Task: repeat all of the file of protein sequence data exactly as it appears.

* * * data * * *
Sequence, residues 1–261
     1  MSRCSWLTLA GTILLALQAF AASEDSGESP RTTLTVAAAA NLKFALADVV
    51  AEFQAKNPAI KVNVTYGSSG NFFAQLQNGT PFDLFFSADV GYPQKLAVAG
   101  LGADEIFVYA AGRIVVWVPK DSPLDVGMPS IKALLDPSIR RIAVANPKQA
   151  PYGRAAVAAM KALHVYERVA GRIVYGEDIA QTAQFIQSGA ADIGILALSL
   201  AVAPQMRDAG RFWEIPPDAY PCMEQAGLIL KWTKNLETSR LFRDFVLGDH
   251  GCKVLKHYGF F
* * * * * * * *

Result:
Sequence, residues 1–261
     1  MSRCSWLTLA GTILLALQAF AASEDSGESP RTTLTVAAAA NLKFALADVV
    51  AEFQAKNPAI KVNVTYGSSG NFFAQLQNGT PFDLFFSADV GYPQKLAVAG
   101  LGADEIFVYA AGRIVVWVPK DSPLDVGMPS IKALLDPSIR RIAVANPKQA
   151  PYGRAAVAAM KALHVYERVA GRIVYGEDIA QTAQFIQSGA ADIGILALSL
   201  AVAPQMRDAG RFWEIPPDAY PCMEQAGLIL KWTKNLETSR LFRDFVLGDH
   251  GCKVLKHYGF F